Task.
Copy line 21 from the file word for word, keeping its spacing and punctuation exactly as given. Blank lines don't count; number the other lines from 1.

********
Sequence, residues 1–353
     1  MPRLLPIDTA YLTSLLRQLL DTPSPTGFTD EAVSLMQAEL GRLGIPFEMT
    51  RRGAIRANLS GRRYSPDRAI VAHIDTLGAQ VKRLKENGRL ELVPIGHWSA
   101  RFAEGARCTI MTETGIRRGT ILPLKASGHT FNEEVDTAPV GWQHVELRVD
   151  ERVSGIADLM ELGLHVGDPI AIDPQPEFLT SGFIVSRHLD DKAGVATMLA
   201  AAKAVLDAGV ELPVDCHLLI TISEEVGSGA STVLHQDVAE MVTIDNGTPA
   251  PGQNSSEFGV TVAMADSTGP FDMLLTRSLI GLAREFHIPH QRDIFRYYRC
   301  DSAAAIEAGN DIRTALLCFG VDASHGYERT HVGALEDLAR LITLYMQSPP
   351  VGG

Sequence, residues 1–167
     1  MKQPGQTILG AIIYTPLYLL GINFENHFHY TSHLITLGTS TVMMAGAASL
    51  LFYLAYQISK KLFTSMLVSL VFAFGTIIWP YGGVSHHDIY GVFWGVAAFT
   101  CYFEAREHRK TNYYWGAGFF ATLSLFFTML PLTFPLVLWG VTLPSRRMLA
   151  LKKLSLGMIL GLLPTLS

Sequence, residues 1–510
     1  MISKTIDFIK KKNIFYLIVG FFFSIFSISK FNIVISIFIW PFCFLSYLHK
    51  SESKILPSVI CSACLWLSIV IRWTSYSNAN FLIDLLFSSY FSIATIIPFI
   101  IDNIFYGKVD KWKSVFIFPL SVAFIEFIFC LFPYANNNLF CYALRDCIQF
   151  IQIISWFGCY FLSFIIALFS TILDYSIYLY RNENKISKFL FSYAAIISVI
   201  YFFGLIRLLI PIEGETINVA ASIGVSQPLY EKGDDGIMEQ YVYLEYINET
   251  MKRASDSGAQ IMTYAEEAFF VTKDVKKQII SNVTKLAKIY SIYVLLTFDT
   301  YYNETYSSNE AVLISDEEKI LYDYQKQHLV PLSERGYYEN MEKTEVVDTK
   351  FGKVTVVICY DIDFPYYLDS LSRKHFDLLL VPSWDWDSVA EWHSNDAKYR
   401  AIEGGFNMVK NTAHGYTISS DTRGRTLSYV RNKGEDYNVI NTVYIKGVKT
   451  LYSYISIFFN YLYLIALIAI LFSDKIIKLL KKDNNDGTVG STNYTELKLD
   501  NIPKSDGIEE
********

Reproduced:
   251  MKRASDSGAQ IMTYAEEAFF VTKDVKKQII SNVTKLAKIY SIYVLLTFDT